In furtherance of its mission, Memphis in May organizes an annual festival held in Memphis during the month of May, known as "Memphis in May." The festival includes a number of events throughout the month; however, the three largest events sponsored by Memphis in May are the Beale Street Music Festival, the World Championship Barbecue Cooking Contest, and the Sunset Symphony. Each of these events is held on a different weekend in May in Tom Lee Park, and each routinely draws over 200,000 people.
Memphis in May receives funding for its festival from a variety of sources, including gate receipts, private contributions, sponsorships, and local government. In the years 1995 — 1997, Memphis in May's total revenues ranged from approximately $2.5 million — $3.9 million. During that same time period, the combined public support from city, county and state governments ranged from 1.8% — 2.3% of total revenues. Gate receipts for that period totaled between 63.4% — 73.5% of revenues.
For each of the years 1995, 1996, and 1997, Memphis in May signed a lease agreement with the City of Memphis for Tom Lee Park and a park use agreement with the Memphis Park Commission, and requested and received a Memphis City Council resolution closing the streets surrounding the festival site to vehicular traffic. The substantive terms of these documents did not change in any material respect from year to year, with the exception of the park use agreement, which was revised for 1997. The property covered by the lease included "all curbs, sidewalks, and abutments and any other public property within, on the boundary, or immediately contiguous to the Property." According to the park use agreement (in all years), for the purpose of the Memphis in May events, "the boundaries of Tom Lee Park shall be: a. The tract of land west of Riverside Drive generally known as Tom Lee Park; b. Riverside Drive if closed to traffic . . ."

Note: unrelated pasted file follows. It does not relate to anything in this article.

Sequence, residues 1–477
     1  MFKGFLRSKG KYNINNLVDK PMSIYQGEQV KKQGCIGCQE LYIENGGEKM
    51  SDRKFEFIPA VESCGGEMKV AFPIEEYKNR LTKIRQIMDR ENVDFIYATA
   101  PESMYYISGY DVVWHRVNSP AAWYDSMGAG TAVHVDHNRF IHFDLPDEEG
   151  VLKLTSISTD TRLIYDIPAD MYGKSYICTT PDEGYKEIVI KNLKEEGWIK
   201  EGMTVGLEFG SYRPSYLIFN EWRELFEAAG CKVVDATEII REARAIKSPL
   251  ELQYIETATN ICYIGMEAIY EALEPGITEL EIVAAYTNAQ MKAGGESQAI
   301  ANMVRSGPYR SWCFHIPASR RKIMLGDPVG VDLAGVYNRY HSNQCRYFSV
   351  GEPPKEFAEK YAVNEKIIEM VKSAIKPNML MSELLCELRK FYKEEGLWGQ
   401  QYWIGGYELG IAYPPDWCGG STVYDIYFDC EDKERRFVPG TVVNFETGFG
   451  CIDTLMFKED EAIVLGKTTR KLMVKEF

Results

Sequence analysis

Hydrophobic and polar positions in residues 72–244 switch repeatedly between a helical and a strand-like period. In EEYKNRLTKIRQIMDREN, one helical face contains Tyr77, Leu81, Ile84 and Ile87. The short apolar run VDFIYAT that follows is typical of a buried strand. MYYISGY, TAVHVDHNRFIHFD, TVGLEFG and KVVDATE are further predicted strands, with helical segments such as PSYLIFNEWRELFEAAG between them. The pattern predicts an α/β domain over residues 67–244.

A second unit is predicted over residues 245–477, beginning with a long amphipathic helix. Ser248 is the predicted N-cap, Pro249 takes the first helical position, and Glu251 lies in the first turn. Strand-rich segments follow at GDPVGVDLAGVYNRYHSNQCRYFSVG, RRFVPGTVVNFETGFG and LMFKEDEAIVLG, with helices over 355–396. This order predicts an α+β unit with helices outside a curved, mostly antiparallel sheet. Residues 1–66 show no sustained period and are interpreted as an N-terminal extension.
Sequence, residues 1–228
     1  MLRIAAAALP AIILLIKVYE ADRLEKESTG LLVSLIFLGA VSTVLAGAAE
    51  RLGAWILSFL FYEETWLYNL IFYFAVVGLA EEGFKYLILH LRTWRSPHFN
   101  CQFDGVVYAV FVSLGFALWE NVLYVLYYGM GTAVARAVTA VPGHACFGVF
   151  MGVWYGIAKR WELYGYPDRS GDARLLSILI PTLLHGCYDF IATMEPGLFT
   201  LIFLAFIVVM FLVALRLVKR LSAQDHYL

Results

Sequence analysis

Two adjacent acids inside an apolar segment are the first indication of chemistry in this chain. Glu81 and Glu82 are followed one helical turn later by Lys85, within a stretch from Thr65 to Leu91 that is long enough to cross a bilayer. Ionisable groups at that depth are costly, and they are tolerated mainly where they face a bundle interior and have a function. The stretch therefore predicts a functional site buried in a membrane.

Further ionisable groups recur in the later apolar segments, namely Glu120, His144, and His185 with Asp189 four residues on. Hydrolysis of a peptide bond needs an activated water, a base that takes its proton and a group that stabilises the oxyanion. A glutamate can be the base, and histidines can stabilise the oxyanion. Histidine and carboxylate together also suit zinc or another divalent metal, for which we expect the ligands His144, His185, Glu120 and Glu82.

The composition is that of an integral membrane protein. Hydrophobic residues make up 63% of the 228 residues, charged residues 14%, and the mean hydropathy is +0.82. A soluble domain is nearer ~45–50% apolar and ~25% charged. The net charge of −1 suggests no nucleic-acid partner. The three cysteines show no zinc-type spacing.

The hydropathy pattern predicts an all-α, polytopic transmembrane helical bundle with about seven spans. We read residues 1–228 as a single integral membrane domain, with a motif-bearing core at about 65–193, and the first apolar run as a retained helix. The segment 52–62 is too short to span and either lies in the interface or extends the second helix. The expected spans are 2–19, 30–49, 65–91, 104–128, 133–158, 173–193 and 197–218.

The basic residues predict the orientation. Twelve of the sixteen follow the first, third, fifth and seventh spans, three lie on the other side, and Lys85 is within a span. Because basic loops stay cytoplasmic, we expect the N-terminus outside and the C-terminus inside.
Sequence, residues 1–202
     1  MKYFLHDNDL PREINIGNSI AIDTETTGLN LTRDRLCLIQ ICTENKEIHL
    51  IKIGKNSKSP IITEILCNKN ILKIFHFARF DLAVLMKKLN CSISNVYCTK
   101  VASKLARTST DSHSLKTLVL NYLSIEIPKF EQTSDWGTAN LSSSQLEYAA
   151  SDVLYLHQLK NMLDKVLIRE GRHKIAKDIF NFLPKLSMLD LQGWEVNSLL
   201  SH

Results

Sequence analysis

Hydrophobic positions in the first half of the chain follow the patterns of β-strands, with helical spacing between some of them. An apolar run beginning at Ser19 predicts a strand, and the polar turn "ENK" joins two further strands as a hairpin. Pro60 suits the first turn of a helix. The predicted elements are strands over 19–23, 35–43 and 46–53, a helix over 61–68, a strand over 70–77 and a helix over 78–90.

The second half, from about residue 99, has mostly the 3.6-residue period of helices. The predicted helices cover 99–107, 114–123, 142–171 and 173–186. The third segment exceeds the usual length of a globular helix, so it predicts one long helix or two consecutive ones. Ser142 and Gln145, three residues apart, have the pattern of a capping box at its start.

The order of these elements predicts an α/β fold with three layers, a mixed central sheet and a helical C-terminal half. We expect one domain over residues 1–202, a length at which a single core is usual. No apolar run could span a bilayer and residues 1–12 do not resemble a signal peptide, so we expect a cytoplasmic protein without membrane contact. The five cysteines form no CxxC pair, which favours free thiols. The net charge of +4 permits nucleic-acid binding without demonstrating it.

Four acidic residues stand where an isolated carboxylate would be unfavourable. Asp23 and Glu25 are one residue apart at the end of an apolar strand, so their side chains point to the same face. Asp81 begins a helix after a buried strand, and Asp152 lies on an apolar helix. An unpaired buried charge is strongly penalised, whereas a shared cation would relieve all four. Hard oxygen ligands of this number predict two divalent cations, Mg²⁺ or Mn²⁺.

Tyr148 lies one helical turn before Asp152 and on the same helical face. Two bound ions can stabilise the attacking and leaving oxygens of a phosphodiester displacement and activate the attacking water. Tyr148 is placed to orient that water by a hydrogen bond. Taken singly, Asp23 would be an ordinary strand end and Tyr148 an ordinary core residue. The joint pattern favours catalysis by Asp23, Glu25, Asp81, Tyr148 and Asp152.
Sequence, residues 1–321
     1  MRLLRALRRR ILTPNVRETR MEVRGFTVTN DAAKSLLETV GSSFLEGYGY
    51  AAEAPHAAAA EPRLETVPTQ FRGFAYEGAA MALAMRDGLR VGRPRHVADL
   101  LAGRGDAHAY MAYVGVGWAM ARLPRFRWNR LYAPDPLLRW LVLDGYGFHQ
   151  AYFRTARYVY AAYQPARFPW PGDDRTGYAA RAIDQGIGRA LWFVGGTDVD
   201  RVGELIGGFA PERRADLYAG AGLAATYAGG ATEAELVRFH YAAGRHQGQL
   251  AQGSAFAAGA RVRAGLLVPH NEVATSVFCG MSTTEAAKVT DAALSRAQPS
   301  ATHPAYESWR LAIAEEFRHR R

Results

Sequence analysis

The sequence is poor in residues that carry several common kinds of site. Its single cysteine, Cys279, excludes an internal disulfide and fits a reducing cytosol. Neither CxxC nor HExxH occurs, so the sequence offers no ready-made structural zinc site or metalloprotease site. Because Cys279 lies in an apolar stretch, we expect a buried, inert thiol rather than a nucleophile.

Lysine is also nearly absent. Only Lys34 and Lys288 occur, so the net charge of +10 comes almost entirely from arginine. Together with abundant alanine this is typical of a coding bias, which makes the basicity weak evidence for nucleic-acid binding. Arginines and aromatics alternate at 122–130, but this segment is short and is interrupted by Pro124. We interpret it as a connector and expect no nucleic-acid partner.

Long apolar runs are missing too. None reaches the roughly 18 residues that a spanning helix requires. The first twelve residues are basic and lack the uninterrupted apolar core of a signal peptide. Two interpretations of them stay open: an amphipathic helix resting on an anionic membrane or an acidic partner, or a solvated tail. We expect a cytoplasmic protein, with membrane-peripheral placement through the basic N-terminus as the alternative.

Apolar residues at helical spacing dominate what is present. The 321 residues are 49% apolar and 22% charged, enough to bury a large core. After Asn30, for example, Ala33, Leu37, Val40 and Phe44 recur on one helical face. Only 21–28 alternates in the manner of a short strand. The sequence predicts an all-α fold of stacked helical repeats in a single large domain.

The lease further provides that "Lessee shall comply with the directives of the Memphis Police Department and the Memphis Fire Department to minimize interference with traffic in and out of said area so as not to create a nuisance" and "Lessee shall not create or allow any nuisance to exist on said property and to abate any nuisance that may arrive promptly and free of the expense of the Lessor . . ." The 1997 park use agreement states that "Applicant shall provide . . . Security and/or Traffic Control based on the guideline for 1,000-20,000 attendees of two (2) Officers per 1,000 and; 20,000 or more, one (1) additional Officer [p]er 1,000." The city council resolution included a clause stating: "BE IT FURTHER RESOLVED that in each case, streets will open before the time listed if the streets are cleared and approved by Memphis Police Department Traffic Bureau." Finally, the 1997 park use agreement provided that "[t]he applicant accepts responsibility for determining and complying with all applicable rules, regulations, ordinances, statutes, policies, and procedures of federal, state, county and city authorities and agencies."